One of the sealed ex parte orders for production of records was directed to the Louisville Metro Police Department Crimes Against Children Unit (CACU).[2] Rather than complying with the sealed ex parte order-or challenging the order directly-CACU alerted the Commonwealth to its receipt. Shortly thereafter, the Commonwealth moved to quash the order for production and sought disclosure of the "nature" of the more than thirty other "sealed" ex parte documents it discovered while searching CourtNet. The Commonwealth requested disclosure so it could file "appropriate objections or other necessary motions." Cambron's attorneys filed and served a partial response on the Commonwealth and provided more detail in an ex parte supplemental response which was not served on the prosecution. According to the Commonwealth, the matter was orally argued in chambers but not recorded. Had CACU not alerted the Commonwealth to its receipt of the ex parte order, this custom-which Cambron's defense team characterizes as "common practice in Jefferson County and throughout the state"- would continue unchecked.

         The ex parte orders entered by the trial court-and the briefs filed in this Court-have been sealed. An Order entered simultaneously with this Opinion unseals the appellate briefs and the recording of the oral argument heard by this Court on December 5, 2017. Said Order further directs the trial court, pursuant to Roman Catholic Diocese of Lexington v. Noble, 92 S.W.3d 724, 728 (Ky. 2002), and its progeny, including Courier-Journal, Inc. v. McDonald-Burkman, 298 S.W.3d 846 (Ky. 2009), to analyze each document it previously sealed and to unseal any document which does not comport with the procedure described therein.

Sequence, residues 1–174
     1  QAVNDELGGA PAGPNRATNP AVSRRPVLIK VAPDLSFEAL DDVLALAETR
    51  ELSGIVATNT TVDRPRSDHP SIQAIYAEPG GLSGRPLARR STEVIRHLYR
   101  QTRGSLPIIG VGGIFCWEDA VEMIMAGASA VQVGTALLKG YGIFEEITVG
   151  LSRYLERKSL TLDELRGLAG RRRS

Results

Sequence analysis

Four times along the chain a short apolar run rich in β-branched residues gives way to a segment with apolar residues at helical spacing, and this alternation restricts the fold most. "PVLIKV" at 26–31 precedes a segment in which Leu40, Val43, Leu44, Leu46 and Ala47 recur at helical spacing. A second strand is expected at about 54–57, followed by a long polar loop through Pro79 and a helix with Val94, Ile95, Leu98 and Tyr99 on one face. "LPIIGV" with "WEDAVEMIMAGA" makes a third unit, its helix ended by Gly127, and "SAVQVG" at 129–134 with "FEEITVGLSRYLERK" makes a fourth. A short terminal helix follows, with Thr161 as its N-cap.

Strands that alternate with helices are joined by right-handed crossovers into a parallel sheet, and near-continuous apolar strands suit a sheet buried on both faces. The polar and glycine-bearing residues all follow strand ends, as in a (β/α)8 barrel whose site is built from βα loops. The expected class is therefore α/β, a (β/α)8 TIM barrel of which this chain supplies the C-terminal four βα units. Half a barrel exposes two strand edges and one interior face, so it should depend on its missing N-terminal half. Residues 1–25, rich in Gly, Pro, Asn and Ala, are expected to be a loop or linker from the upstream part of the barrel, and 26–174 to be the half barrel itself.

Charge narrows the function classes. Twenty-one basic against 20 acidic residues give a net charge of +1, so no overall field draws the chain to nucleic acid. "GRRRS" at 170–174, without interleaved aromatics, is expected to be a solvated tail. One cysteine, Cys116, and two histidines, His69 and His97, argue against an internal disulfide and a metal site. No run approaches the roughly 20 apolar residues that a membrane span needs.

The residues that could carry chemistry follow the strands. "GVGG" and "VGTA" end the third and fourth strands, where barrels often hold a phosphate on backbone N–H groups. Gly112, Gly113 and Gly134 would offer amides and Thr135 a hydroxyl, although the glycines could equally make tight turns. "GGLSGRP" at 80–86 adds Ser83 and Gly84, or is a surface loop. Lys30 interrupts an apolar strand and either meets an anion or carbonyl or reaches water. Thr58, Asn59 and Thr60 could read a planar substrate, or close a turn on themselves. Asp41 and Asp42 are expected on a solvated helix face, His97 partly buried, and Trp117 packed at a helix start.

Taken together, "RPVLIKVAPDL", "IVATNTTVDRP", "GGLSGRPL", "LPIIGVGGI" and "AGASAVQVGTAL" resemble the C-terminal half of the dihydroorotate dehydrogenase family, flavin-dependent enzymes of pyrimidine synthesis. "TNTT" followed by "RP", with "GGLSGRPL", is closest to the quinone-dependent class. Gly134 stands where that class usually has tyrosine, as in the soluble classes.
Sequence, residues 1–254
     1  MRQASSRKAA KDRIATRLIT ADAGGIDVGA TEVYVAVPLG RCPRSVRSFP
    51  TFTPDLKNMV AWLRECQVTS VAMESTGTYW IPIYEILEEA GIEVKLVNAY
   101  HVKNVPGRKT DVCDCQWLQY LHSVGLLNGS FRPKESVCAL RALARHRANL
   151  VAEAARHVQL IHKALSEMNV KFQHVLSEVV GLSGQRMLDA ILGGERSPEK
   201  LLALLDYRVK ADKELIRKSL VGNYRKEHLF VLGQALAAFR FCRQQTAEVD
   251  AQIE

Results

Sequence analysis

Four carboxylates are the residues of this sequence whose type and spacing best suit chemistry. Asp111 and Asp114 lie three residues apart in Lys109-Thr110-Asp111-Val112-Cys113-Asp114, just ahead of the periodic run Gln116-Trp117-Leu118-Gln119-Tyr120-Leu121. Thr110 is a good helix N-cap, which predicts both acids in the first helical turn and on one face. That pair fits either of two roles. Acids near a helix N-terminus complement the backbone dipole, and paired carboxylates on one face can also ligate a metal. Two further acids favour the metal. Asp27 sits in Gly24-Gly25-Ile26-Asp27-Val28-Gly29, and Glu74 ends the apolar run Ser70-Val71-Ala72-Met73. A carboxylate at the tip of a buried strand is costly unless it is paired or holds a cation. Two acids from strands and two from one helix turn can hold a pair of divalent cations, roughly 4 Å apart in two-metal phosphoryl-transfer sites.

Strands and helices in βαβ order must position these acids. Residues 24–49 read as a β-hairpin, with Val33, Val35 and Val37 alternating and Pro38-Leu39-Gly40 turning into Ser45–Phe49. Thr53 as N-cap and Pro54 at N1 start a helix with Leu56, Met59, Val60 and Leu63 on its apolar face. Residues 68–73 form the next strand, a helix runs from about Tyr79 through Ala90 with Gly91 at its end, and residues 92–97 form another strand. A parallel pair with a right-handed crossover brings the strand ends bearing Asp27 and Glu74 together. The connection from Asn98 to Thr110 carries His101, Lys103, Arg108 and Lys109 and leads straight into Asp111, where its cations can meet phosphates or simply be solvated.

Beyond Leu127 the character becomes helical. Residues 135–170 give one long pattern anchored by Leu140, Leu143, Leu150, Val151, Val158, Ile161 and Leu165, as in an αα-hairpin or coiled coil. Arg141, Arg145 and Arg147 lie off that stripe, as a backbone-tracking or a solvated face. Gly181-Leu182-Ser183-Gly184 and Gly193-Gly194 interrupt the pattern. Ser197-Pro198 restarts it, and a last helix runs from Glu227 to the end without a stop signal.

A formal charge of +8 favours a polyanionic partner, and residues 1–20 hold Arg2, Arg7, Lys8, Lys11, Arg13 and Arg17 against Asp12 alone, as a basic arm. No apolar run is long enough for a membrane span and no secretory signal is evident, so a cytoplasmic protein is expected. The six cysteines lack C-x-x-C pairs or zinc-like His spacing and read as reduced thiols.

This appeal pertains specifically to an opinion and order entered by the Jefferson Circuit Court on August 3, 2016, denying in toto the Commonwealth's motion to quash an ex parte order for production of records directed to CACU and to disclose the nature of all other sealed documents. The trial court found Cambron's rights-to remain silent and to receive due process- as a defendant in a criminal case outweighed any argument made by the Commonwealth. Moreover, by granting Cambron's ex parte motion for production of records the trial court stated it was: